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Math Help - [SOLVED] Differential

  1. #1
    Member ronaldo_07's Avatar
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    [SOLVED] Differential

    Find the general solution of the second-order, linear, inhomogeneous
    differential equation:

    y′′ + 3y′ + 2y = \frac{1}{(1 + e^x)^2}

    Please help solve this equation so far I have done:

    z^2 +3z+2=0
    (z+2)(z+1)=0
    z=-2,-1
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  2. #2
    Rhymes with Orange Chris L T521's Avatar
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    Quote Originally Posted by ronaldo_07 View Post
    Find the general solution of the second-order, linear, inhomogeneous
    differential equation:

    y′′ + 3y′ + 2y = \frac{1}{(1 + e^x)^2}

    Please help solve this equation so far I have done:

    z^2 +3z+2=0
    (z+2)(z+1)=0
    z=-2,-1
    Looks good up to here.

    The homogeneous solution is y_c=c_1e^{-2x}+c_2e^{-x}

    Here, I would consider using Variation of Parameters.

    Let y_p=u_1\!\left(x\right)e^{-2x}+u_2\!\left(x\right)e^{-x}.

    Thus, we need to evaluate three different Wronskians.

    W_1=\begin{vmatrix}0 & e^{-x}\\ \frac{1}{\left(1+e^x\right)^2} &-e^{-x}\end{vmatrix}=-\frac{e^{-x}}{\left(1+e^x\right)^2}

    W_2=\begin{vmatrix}e^{-2x} & 0\\ -2e^{-2x} & \frac{1}{\left(1+e^x\right)^2} \end{vmatrix}=\frac{e^{-2x}}{\left(1+e^x\right)^2}

    W=\begin{vmatrix}e^{-2x} & e^{-x} \\ -2e^{-2x} & -e^{-x}\end{vmatrix}=-e^{-3x}+2e^{-3x}=e^{-3x}

    Thus, u_1^{\prime}\!\left(x\right)=\frac{W_1}{W}=-\frac{e^{2x}}{\left(1+e^x\right)^2} and u_2^{\prime}\!\left(x\right)=\frac{W_2}{W}=\frac{e  ^x}{\left(1+e^x\right)^2}


    Thus,

    u_1\!\left(x\right)=-\int \frac{e^{2x}}{\left(1+e^x\right)^2}\xrightarrow{z=  1+e^x}{}-\int\frac{z-1}{z^2}\,dz=-\ln\left|z\right|-\frac{1}{z}\implies -\ln\left|1+e^x\right|-\frac{1}{1+e^{x}}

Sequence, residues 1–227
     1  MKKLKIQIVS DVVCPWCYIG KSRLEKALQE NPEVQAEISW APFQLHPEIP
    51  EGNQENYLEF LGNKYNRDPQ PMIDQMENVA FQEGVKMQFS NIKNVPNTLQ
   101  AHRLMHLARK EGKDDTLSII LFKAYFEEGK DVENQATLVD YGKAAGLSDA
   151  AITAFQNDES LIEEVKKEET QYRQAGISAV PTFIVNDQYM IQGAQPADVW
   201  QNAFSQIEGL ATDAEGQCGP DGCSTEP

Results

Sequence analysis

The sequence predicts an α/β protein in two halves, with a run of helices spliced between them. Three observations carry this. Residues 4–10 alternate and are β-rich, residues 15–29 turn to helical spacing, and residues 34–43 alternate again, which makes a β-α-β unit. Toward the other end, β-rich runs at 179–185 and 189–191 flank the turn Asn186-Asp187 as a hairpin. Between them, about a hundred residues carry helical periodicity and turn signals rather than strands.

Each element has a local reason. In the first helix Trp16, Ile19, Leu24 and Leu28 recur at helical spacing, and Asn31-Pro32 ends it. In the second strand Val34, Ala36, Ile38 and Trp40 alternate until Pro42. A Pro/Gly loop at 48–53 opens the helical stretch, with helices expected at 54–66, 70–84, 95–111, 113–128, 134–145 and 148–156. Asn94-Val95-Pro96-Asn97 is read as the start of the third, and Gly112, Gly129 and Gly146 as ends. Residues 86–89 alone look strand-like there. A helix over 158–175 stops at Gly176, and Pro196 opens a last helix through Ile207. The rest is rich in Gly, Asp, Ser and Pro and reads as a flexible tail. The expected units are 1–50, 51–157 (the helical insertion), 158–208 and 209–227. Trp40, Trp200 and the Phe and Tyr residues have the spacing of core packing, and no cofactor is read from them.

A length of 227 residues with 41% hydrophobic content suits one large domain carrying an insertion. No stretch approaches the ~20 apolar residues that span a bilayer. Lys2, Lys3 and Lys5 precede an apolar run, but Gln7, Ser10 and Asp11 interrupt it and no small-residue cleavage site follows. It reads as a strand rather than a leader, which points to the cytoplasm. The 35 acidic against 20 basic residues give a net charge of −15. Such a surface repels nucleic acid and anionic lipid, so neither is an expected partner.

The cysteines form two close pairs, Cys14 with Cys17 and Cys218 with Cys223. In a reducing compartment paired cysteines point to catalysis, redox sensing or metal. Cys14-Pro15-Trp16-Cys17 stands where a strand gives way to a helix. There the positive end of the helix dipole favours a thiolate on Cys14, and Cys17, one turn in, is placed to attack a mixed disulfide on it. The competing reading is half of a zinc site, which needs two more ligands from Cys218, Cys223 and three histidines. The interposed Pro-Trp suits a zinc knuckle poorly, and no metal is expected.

and

    u_2\!\left(x\right)=\int\frac{e^x}{\left(1+e^x\rig  ht)^2}\,dx\xrightarrow{z=1+e^x}{}\int\frac{\,dz}{z  ^2}=-\frac{1}{z}\implies -\frac{1}{1+e^x}

    Thus, our solution is

    y=c_1e^{-2x}+c_2e^{-x}-\left(\ln\left|1+e^x\right|-\frac{1}{1+e^x}\right)e^{-2x}+\left(-\frac{1}{1+e^{-x}}\right)e^{-x}

    =c_1e^{-2x}+c_2e^{-x}-\frac{\left(\ln\left(1+e^x\right)e^{-2x}\right)\left(1+e^x\right)+e^{-2x}+e^{-x}}{1+e^x}

    =\color{red}\boxed{c_1e^{-2x}+c_2e^{-x}-\frac{e^{-2x}\ln\left(1+e^x\right)+e^{-x}\ln\left(1+e^x\right)+e^{-2x}+e^{-x}}{1+e^x}}

    Does this make sense?
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  3. #3
    Member ronaldo_07's Avatar
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    Could you explain Thus, we need to evaluate three different Wronskians the W W1 W2. How this is calculated please. Thanks.
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  4. #4
    Rhymes with Orange Chris L T521's Avatar
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    Quote Originally Posted by ronaldo_07 View Post
    Could you explain Thus, we need to evaluate three different Wronskians the W W1 W2. How this is calculated please. Thanks.
    See my explanation here.
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